Despite what might appear to be minimal use of the wealth of tags/subfields that are available, the team has verified that the granularity of the original data is not lost. Specifically, where data-specific tags exist, they are used; however, in the areas in which such specific mappings are not available (i.e. control numbers, classification numbers, subject category codes, subjects, and non-MARC Information fields) adoption of the subfield 2 code to identify data-specific context has proven especially effective. The convention readily permits granularity to be maintained while downstream applications can mine records according to the general meaning of the datafield or can be much more specific in their use.
The extensibility of the standard has also been demonstrated through the early adoption of a proposed addition to the MARC standard for describing article level data in a new tag (363) and in a new host item subfield (773-q). Another extension that has aided in maintaining granularity is the use of subfield 8 linking pairs for related datafields (e.g. multiple 363-773 pairs; multiple conference and conference sponsor tags). Transparency is maintained by eschewing the use of local tags, using the most specific tag/subfields possible, limiting enhancements to the records, and adopting controlled vocabulary terms to disambiguate usage.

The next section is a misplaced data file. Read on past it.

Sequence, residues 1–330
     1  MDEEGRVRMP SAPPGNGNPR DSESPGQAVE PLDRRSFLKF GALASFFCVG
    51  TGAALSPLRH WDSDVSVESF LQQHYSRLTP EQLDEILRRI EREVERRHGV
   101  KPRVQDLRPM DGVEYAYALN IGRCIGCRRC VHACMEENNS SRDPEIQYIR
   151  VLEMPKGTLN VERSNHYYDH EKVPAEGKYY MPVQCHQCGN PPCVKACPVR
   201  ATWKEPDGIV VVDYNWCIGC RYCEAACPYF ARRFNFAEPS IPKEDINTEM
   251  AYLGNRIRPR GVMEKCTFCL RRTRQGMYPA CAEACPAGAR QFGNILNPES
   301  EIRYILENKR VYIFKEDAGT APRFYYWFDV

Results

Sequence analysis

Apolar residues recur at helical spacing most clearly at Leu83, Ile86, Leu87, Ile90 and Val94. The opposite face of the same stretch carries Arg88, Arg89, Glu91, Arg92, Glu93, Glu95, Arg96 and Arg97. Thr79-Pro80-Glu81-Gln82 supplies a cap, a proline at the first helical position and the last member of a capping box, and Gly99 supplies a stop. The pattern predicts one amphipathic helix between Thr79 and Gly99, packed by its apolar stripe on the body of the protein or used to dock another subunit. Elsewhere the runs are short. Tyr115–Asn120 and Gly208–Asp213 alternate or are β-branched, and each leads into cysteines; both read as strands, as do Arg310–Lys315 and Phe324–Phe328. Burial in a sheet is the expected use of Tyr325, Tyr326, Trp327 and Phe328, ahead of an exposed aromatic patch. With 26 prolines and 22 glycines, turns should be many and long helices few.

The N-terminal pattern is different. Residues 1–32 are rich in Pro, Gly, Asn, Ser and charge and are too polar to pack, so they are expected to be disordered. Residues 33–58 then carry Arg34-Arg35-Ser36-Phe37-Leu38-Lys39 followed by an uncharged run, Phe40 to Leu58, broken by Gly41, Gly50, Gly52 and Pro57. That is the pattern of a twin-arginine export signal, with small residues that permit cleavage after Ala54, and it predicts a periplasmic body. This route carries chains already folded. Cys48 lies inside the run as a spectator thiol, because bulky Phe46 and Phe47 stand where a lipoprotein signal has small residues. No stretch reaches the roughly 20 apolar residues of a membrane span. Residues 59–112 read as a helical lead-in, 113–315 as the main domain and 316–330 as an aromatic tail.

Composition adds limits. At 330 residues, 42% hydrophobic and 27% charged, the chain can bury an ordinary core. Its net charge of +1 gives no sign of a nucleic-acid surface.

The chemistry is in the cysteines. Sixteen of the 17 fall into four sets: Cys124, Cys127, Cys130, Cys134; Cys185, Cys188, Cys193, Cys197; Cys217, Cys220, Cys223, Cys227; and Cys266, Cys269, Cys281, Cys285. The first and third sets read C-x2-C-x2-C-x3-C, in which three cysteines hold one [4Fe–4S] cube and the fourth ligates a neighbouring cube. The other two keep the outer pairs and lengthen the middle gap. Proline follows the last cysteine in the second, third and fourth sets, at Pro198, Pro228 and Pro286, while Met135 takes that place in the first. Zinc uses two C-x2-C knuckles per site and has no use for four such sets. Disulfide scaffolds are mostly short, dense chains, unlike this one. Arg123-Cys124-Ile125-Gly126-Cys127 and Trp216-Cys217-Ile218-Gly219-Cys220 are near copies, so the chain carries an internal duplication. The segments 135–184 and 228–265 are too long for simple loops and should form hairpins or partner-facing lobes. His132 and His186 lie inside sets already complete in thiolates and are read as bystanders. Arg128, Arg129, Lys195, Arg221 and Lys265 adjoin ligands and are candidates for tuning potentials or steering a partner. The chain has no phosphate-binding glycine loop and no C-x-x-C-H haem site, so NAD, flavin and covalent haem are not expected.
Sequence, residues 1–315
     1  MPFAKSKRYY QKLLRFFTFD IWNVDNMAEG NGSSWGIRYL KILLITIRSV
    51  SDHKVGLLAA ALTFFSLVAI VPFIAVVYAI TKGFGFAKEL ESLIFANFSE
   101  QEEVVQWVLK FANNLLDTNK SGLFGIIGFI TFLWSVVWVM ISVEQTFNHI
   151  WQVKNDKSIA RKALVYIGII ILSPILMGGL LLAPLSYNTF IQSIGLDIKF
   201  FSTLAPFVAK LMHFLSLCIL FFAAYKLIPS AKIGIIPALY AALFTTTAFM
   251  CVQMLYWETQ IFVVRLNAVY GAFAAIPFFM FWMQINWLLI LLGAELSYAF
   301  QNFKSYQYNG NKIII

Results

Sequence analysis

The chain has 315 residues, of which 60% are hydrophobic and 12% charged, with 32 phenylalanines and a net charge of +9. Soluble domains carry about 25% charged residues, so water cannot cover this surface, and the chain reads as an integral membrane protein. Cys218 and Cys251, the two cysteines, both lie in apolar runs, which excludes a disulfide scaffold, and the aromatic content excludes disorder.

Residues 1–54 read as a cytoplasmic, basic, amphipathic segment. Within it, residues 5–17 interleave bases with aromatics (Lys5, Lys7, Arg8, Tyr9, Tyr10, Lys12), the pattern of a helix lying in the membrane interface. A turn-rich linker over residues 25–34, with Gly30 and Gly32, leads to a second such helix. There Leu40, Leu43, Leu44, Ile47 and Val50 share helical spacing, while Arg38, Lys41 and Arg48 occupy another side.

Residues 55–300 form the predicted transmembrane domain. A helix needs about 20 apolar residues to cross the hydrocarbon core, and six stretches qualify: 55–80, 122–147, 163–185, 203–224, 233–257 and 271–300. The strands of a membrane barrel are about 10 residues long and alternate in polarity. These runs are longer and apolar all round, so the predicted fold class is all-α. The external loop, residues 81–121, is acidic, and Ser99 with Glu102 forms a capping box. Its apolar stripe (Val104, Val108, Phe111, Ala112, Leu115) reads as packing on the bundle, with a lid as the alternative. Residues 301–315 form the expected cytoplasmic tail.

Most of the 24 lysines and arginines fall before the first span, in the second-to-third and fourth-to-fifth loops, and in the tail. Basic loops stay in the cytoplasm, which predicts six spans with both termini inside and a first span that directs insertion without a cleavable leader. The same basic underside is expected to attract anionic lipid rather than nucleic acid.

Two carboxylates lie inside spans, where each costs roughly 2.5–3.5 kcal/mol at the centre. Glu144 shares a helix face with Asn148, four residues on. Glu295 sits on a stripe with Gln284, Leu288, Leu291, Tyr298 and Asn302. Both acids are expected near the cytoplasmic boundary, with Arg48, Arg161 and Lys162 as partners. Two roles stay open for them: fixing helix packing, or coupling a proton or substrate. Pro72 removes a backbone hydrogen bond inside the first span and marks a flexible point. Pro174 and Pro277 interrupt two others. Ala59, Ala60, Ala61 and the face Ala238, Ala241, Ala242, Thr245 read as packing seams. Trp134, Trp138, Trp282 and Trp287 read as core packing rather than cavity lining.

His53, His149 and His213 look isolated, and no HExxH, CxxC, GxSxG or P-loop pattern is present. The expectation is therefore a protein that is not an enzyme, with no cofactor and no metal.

With these conventions in place, the Team has been able to test and confirm the efficacy of its mapping principles. Well aware that "the major challenge in converting records prepared according to a particular metadata scheme into records based on another schema is how to minimize loss or distortion of data" , the Repository Team selected granularity as the sine quo non for testing its chosen standard. However, it was not enough for the selected standard to contain a list of elements into which each originating piece of data could be mapped; it needed both uniformity, in terms of making the purpose of the data easily known to downstream applications, and context to maintain the sense, order, and linkages among the original vendor elements. The test selected to prove this was roundtripability.